Two weeks ago, in a series that looked at potential "firsts" for the Buccaneers franchise that could occur in 2019, I noted that no Tampa Bay player has ever won the Associated Press NFL Defensive Rookie of the Year Award. Frankly, on a team with a rich defensive history, three former defenders in the Hall of Fame and plenty of household names on that side of the ball, that was mildly surprising. Lee Roy Selmon, Warren Sapp, Derrick Brooks, Ronde Barber, John Lynch and so on, all megastars, none deemed the best rookie defender in his debut year.
Could Devin White be the first? Judging only by talent level and a clear path to playing time at a position that should generate a lot of appealing numbers, White would at least seem like a good candidate.
That would sure be nice, but the Buccaneers don't need White to be that good in order to make a big difference in 2019. Tampa Bay's defense was near the bottom of the league in most categories last year, so there is plenty of room for improvement. The new scheme imported by Bruce Arians and Todd Bowles will likely help, but the Buccaneers also need some more impact players.
White will hopefully be exactly that, but will he make the biggest impact of any of the Buccaneers' new additions in 2019? That's what we'll be discussing today as we begin our annual Roundtable Week. The offseason program is over and training camp is still weeks away, so in this time between the action on the field, Team Reporter Casey Phillips, Staff Writer Carmen Vitali and I will be kicking around five topics regarding the Buccaneers' upcoming season. Here's the schedule:
Monday: Which new addition to the team will have the greatest impact?
Tuesday: What is your bold prediction for the 2019 season?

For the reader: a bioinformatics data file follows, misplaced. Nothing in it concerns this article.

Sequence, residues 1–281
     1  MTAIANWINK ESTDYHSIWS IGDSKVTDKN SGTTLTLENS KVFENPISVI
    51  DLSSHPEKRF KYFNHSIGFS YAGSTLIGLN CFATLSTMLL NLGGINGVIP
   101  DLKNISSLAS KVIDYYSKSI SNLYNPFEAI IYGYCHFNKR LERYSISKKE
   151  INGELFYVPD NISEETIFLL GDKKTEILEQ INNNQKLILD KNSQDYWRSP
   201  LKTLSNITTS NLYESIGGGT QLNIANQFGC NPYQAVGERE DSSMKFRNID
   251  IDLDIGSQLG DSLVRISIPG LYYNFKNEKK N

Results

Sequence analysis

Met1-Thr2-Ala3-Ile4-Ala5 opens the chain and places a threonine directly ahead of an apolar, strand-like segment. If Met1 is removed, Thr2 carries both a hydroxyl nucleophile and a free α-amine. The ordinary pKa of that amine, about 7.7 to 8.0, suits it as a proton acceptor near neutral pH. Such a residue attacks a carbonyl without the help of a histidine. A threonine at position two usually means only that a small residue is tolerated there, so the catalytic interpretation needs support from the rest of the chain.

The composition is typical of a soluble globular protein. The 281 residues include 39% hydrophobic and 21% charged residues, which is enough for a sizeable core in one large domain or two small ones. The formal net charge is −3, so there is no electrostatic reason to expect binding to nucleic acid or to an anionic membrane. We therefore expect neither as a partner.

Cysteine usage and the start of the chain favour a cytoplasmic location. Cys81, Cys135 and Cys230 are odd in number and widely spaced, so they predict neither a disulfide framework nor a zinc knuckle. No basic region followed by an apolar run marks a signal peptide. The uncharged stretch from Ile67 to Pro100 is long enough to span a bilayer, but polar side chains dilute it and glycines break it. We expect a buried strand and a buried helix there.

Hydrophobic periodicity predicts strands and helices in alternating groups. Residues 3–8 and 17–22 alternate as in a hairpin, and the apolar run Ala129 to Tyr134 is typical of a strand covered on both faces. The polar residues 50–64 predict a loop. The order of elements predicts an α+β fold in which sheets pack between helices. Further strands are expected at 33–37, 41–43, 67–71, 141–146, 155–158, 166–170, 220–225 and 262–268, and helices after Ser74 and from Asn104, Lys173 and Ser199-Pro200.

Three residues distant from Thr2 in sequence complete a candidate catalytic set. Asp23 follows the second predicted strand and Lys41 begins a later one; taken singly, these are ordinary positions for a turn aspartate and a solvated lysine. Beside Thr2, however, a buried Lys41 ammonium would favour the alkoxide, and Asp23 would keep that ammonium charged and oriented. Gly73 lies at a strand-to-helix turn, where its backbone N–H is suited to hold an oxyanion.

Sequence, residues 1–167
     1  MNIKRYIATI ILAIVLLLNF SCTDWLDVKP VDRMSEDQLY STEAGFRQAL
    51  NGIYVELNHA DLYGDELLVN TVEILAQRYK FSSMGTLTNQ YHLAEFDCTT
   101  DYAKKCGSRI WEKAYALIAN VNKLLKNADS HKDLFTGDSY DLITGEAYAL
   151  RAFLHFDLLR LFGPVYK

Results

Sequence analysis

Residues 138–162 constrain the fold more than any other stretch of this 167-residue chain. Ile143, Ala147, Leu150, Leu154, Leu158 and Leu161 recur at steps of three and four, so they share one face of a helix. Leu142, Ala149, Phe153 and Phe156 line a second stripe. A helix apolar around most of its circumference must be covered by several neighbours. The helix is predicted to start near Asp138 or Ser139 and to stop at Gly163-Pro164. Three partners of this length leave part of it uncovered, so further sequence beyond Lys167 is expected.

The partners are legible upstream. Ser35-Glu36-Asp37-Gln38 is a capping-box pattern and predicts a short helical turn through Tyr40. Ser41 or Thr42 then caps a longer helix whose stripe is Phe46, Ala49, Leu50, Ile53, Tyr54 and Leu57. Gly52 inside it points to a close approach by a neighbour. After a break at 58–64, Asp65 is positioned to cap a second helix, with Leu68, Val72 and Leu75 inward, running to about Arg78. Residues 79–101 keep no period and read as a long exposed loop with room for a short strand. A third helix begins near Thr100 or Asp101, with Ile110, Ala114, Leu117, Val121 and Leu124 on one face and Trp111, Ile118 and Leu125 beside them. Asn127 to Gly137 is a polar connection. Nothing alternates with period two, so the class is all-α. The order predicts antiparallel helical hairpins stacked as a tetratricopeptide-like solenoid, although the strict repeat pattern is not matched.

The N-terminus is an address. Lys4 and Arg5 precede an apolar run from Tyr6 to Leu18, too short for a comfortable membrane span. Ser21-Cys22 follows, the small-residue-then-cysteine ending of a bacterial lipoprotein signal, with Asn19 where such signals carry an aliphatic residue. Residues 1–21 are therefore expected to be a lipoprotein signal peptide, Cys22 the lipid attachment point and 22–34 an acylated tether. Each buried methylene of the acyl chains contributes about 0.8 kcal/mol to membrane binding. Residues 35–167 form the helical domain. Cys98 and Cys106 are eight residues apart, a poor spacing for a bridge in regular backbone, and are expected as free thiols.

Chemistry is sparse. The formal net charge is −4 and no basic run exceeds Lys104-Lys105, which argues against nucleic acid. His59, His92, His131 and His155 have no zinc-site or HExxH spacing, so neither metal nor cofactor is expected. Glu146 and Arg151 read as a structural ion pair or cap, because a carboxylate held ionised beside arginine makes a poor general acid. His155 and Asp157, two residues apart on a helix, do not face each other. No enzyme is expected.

Wednesday: What will be the most interesting or important position battle in training camp?
Thursday: In what area will the Buccaneers make the biggest statistical improvement in 2019?
Friday: Who will be the Buccaneers' breakout player in 2019?
It's certainly possible that all three of us would come to the same answer for this question independently. However, we are making a point not to duplicate picks during this Roundtable Week, so the order of selection may be relevant. Therefore, we'll be rotating the order all week, with Casey going first today, followed by Carmen and then me. Take us away, Casey: Which new addition will have the biggest impact on the Buccaneers' fortunes in 2019?
Casey Phillips: Devin White
When I consider the idea of a player making an "impact," I immediately think about what he does not only on the field but also in the locker room, and the totality of what he brings to the building. Stats and X's and O's are big, but I'm a big intangibles person. And the intangibles are why Devin White was the first name that came to mind.
Each year, I get to spend a good amount of time covering the rookie class as they go through the Rookie Club activities that help get them acclimated to NFL life. The nature of the activities, (i.e. cooking classes, Rays games, etiquette dinners) let me see a lot of their personalities and influence among their fellow teammates. Devin White's energy and passion are infectious. It's like he has his own gravitational pull.
When Kwon Alexander went down with an ACL tear last year and then left in free agency this spring, it was that fire and energy he brought that so many said would be missed. So Devin White's impact isn't just about what he brings, but about what he can help replace. I see Devin, even as a rookie, being capable of being that fiery leader the defense needs in a crucial third-down stop. He will have the steady influence of Lavonte David to keep him even, and the attack-ready Todd Bowles defense to tell him giddy up. (I had to make one horse reference.) And when he's unleashed, he's explosive, physical, and can go sideline-to-sideline. And I guarantee he's going to have fun while he's doing it.
Carmen Vitali: Ndamukong Suh